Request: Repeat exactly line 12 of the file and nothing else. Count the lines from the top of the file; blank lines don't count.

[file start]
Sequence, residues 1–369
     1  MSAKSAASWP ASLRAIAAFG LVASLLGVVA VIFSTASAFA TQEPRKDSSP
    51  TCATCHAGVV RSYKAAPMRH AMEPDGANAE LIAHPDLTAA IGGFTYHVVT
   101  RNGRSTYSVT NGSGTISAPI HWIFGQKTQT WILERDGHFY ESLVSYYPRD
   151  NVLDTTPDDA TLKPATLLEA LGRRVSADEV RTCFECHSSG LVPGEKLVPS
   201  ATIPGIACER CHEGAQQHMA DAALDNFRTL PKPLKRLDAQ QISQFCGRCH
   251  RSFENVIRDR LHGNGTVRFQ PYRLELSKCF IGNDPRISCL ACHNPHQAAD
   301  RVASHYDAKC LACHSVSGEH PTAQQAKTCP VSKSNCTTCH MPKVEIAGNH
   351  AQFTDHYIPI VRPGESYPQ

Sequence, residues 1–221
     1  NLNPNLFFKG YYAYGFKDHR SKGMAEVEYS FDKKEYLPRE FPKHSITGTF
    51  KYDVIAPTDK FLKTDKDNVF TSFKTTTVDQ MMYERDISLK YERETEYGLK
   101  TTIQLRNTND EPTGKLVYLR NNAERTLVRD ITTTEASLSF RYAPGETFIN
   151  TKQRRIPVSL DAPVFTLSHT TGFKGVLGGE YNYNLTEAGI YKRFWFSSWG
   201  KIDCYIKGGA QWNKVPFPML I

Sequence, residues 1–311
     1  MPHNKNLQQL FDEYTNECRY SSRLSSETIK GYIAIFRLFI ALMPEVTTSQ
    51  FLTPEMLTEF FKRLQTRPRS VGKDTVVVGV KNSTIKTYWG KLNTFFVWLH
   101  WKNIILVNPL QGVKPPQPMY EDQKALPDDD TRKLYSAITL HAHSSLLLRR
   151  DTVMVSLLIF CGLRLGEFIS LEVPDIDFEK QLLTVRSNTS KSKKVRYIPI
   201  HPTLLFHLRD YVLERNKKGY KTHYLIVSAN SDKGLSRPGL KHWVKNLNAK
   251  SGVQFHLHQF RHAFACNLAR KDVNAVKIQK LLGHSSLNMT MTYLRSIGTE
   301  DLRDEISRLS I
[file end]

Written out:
    51  KYDVIAPTDK FLKTDKDNVF TSFKTTTVDQ MMYERDISLK YERETEYGLK